RTW: Stepping into the Spotlight…

Road Trip Wednesday is a ‘Blog Carnival,’ where the ladies at YA Highway post a weekly writing- or reading-related question for participants to respond to on their own blogs. You can hop from destination to destination and get everybody’s unique take on the topic.

Today’s Topic: Tell us which supporting characters you think deserve the spotlight! Who deserves their very own YA novel?

Wow. There are so many fabulous supporting characters I’d love to know more about, particularly when it comes to back story. Two, specifically, come to mind:

Tobias (or Four) from Veronica Roth’s Divergent. Everything about him fascinates me, but I find his relationship with his father and his choice to be Dauntless particularly interesting. Tobias is so genuine and courageous and direct, I believe that he could absolutely carry a novel of his own. Plus, it would be amazing to read about his relationship with Tris from his point of view.

I think Alaska from John Green’s Looking For Alaska would also make a remarkable protagonist. I’m always fond of a well-written unreliable narrator, and I think John Green could make Alaska just that. She had an incredibly intriguing back story, and I’d love to know more about what made her so rash and fanatical and intense.

So, what supporting characters would you like to see in their very own novel?

On the elusive “perfect” novel…

I’m not sure there’s really such a thing as a “perfect” novel (all books can all be improved upon somehow, right?), but this weekend I read a story that was, in my opinion, about as close to perfection as one can get:

Lola and the Boy Next Door by Stephanie Perkins was just SO FREAKING FABULOUS. I mean really… I found myself grinning like an idiot as I read, blown away by the awesomeness printed on every. Single. Page. I’m not going to go into a full review today (though one will surely come later!) because more than anything, Lola got me thinking about what makes a novel stand out as truly amazing.

Now, if you’re anything like me, you read several books in a month. The bulk of those might hover somewhere around GOOD (like, three or four stars on Goodreads). There are probably a few that STINK, or, just weren’t for you (the one or two star books). And, if you’re lucky, there might be one that separates itself from the pack. It’s that elusive five-star book that makes you laugh and cry and gasp and clench your fists in indignation and cheer for the characters as if you know them. It’s the book that makes you feel.

I think we can all agree that the perfect book is a careful combination and precarious balance of crucial literary elements, melded together in a seamless, harmonious way. A way that makes us care totally and completely about the future of the book’s characters. It’s those crucial elements, though, that are different for all of us. Some people are all about character development. Others, pacing. Some are looking for adventure, or gorgeous writing, or steamy romance, or a setting that sings. It’s the importance of each of these elements, and the way they’re merged, that makes some people swoon over Edward and Bella’s undying love, and others cringe in disgust.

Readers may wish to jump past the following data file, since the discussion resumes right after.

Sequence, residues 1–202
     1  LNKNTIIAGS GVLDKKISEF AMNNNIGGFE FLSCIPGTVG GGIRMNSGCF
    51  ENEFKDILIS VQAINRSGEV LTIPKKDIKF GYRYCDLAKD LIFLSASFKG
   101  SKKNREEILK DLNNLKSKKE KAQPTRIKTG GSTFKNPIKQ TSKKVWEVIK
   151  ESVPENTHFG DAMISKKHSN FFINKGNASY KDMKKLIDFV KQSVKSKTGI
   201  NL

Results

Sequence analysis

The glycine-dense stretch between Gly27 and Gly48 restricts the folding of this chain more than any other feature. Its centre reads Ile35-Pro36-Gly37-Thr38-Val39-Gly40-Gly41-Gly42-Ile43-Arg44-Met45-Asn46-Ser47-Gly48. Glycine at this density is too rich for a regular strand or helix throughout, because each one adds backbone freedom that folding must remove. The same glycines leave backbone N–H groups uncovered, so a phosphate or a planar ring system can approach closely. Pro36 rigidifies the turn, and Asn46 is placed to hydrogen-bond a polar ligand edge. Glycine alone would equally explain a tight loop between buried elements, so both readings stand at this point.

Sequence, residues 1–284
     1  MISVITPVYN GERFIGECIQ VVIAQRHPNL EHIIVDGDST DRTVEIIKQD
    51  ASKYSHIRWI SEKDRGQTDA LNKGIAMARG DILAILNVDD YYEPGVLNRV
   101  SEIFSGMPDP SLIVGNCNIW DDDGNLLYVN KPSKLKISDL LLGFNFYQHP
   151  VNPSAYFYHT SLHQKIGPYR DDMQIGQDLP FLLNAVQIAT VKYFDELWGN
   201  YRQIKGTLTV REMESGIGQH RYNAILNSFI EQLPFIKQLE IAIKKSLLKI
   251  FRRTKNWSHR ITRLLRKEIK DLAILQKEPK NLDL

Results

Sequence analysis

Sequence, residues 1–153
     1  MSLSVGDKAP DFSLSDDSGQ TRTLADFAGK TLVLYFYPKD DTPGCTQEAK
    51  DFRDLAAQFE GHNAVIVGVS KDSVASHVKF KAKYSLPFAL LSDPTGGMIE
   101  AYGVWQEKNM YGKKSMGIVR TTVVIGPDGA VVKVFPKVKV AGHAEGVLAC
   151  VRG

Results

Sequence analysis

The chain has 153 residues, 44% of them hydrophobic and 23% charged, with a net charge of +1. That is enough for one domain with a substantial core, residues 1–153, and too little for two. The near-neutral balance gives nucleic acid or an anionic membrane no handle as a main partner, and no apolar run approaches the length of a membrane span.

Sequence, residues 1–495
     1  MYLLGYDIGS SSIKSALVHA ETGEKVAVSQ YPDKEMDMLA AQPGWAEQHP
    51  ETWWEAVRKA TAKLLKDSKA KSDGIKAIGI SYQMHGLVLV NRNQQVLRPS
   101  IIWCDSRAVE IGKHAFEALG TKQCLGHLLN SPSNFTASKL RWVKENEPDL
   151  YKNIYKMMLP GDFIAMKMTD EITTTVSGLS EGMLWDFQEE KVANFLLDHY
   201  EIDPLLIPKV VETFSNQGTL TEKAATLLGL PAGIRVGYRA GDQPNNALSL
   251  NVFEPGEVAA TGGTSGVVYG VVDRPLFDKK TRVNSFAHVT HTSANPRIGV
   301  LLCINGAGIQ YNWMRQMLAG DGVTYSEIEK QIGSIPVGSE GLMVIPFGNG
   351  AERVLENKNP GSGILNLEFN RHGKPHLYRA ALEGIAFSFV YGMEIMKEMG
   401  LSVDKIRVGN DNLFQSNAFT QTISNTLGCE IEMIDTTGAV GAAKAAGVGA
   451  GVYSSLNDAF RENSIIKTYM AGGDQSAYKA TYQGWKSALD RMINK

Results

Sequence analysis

It’s a very subjective thing.

For me, the crucial Big Five elements that play into MY perfect book are:

  • Relatable, likable main characters. These people need to sPaRkLe.
  • A believable, naturally progressing (read: HOT) romance.
  • Flawless, distinctly-styled writing with engaging, authentic dialogue.
  • A unique setting, so richly and beautifully described I want to go there. Or, so crazily terrifying it gives me nightmares.
  • The unexpected. Twists and turns that leave me reeling. My jaw needs to drop at least once.
If those Big Five are all there, skillfully blended, I’ve found a favorite. In fact, if my Big Five are strong enough, I can overlook other weaknesses. A slow pace, for example. Or a somewhat flat supporting character. Or a slightly unresolved ending. If my Big Five are present and accounted for, I’m going to care. I’m going to feel. I’m going to have an emotional experience, one I’ll always remember. I’m going to recommend that book up and down and all around. And I’m going to be a very happy reader. 

Books that are on my Favorites List because they so perfectly unify my Big Five: Gayle Forman’s If I Stay and Where She Went, Anna and the French Kiss and Lola and the Boy Next Door by Stephanie Perkins, Melina Marchetta’s Jellicoe Road, Khaled Hosseini’s A Thousand Splendid Suns, Veronica Roth’s Divergent, Franny Billingsley’s Chime, The Hunger Games Trilogy by Suzanne Collins, The American Wife by Curtis Sittenfield, and Jandy Nelson’s The Sky is Everywhere. 

What are your must-have elements for an ideal reading experience? What books are on your personal “Perfect” List?